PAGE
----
Reviving a Dead Language – What Does it Take?

Reviving a Dead Language – What Does it Take?

Every year, nine languages across the globe go extinct. By 2080, this number is expected to rise to sixteen. It is hard to justify the need for smaller languages in today’s international society, where everyone speaking the same language would make life so much simpler. However, languages, no matter how big or small, are still deeply important to the people who speak them.

This article examines two endangered languages – Frisian and Cornish, to prove the vastness of the definition of ‘endangered languages’, and how these languages, though in massively different states of danger, are still relevant in today’s world.

Frisian is spoken in Friesland, a province of the Netherlands, as well as in small pockets of west Germany. Onno Falkena is not only an expert on minority languages, he is also Frisian.

“Most people in the Netherlands know there are Frisians,” Falkena continues. Around 400,00 people in the Netherlands speak the language, making up about 2% of the country’s population.

“Everyone who can speak Frisian is at least bilingual,” he says. He goes on to explain that most Frisians can speak Frisian, Dutch, and English. “The whole of Friesland is a mix,” he says.

To Frisians, their language and culture go hand in hand. “Being Frisian and having a Frisian identity is a personal choice,” says Falkena. A person earns the right to call themselves Frisian once they make an effort to learn the language, Falkena explains.

“If you want to be a real Frisian you should at least try to learn the language”

Onno Falkena

Frisian is considered vulnerable, the lowest priority status an endangered language can be given. While it may be an endangered language, there seems to be little fear of Frisian dying out any time soon.

On the complete flipside, there is Cornish. Cornish was, until 2010, still considered extinct, despite revival efforts tracing all the way back to the 1900’s. It originated in Cornwall, a county located on the south-west of the English coast.

Like Frisian, there are no monolingual Cornish speakers. Unlike Frisian, there are also no native Cornish speakers. Every modern Cornish speaker today speaks Cornish as a second language.

It is hard to know how many people speak Cornish. Articles range from claiming there are ~600 – 2,000 speakers. There are two Wikipedia pages for the language, one stating there were 557 speakers as of 2011, one citing a 2010 survey claiming the language had 2,000 speakers.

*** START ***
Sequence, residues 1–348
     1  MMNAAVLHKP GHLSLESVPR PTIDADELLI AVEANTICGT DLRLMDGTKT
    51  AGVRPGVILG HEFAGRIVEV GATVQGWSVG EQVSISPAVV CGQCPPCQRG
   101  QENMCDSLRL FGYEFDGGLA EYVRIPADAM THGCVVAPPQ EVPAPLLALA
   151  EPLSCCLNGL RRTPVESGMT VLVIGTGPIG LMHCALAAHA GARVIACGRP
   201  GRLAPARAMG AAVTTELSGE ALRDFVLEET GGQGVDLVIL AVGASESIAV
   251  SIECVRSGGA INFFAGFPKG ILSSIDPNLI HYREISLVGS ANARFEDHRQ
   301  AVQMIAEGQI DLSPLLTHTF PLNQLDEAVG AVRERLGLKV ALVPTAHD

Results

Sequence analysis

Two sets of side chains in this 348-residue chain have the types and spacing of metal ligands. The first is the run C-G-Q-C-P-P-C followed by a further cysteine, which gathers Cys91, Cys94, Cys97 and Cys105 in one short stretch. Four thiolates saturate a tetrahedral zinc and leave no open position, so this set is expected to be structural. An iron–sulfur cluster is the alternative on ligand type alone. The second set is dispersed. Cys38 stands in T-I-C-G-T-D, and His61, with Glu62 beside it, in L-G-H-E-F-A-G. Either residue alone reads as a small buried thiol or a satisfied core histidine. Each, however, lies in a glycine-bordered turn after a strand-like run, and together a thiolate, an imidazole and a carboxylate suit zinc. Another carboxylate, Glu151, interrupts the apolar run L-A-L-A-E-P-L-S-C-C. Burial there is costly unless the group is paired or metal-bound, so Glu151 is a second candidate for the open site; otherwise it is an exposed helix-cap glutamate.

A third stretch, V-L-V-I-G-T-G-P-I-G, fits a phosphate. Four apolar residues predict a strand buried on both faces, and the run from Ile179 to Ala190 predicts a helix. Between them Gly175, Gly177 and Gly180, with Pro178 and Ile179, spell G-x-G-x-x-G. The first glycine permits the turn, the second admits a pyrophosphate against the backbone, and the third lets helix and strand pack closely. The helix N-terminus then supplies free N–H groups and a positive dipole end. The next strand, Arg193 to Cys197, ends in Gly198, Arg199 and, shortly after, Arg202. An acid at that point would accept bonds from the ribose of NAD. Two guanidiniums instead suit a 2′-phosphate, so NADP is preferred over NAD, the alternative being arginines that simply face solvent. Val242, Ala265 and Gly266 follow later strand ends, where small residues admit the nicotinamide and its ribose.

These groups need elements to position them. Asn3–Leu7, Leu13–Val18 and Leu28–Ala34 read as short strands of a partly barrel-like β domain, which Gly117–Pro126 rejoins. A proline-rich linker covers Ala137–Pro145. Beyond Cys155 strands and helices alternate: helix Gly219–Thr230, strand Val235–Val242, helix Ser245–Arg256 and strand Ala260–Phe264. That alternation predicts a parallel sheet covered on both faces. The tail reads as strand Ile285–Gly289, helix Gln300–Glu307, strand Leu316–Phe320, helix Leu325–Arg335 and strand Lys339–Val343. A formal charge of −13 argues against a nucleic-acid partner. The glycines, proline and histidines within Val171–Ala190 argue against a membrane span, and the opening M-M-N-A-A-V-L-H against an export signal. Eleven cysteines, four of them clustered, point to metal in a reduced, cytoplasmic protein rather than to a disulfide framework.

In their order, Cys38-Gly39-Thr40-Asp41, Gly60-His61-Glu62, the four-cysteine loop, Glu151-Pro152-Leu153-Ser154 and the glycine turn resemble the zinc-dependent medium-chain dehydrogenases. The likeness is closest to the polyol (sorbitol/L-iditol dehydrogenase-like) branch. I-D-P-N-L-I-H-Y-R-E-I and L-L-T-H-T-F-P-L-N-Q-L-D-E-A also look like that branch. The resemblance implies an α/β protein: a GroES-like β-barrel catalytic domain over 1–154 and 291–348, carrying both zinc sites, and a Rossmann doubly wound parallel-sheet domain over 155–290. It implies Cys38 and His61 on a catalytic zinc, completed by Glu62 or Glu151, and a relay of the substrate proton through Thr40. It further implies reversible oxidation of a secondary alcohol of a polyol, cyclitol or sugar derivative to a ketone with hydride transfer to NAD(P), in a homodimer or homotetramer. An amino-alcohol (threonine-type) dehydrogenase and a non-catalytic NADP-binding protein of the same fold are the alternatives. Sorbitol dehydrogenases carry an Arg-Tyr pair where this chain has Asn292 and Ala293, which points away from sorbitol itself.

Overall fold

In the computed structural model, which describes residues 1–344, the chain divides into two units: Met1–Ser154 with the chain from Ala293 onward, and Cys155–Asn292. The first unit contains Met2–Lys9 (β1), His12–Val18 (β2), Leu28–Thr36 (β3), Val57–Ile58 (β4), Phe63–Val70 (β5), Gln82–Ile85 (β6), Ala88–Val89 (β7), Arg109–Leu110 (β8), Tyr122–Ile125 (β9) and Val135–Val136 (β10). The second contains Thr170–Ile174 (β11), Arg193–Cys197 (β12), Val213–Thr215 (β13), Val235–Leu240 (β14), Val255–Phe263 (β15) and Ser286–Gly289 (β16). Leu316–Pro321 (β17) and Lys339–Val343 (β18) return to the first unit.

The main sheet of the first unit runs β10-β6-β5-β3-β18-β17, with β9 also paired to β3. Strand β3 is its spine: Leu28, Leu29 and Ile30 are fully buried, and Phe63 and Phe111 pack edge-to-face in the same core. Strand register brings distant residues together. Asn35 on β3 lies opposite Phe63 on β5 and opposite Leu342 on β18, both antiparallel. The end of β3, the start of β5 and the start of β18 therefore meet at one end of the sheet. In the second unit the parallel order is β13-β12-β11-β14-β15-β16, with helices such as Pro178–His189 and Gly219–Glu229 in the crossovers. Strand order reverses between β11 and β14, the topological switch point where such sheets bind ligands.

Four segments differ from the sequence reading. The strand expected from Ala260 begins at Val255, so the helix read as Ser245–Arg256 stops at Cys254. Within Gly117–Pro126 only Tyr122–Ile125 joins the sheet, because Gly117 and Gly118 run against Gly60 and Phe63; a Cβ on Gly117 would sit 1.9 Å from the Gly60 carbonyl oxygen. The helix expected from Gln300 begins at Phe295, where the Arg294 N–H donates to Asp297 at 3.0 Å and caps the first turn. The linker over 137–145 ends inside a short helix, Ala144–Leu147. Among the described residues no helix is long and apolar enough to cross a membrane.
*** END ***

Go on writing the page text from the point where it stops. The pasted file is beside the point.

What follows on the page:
No matter the amount of those who can speak the language, it is clear that the language has been, to some extent, revived.

Matthew Clarke, otherwise known as Matthi ab Dewi, is one of the few Cornish speakers in the world. He says the name ‘Matthi’ was a “nickname [he’s] always been called in Cornish speaking circles”, and he took on the suffix ‘ab Dewi,’ meaning ‘son of David,’ after his father died.

Clarke runs a radio station and YouTube channel in the Cornish language. ‘Pellwolok an Gernewegva’, which translates to ‘television of the Cornish speaking area’, is supported through charity donations.‘Radyo an Gernewegva’ (radio of the Cornish speaking area), which is also run by Clarke, instead receives funding from the Cornish county council. The Cornish county council “stepped up” with funding Cornish language initiatives after the British government stopped providing support, according to Clarke.

When asked why the British government had ceased in providing funding, Clarke replied “you’d want to ask the British government that. These sorts of things just kind of happen, especially with Tory governments.”

Although Pellwolok an Gernewegva has television in the name, all the productions can only be found on the connected YouTube channel ‘An Mis’. Clarke “[doesn’t] see a TV channel as practical,” given the very small target audience.

According to a 2013 report by the European Parliament, there are 128 endangered languages within the European Union.  With these languages come unique identities, cultures, and histories, many of which are on the brink of being lost to time forever. Though these languages differ hugely in relevance, cultural history, and usage in day-to-day life, they all hold importance to those who speak them.

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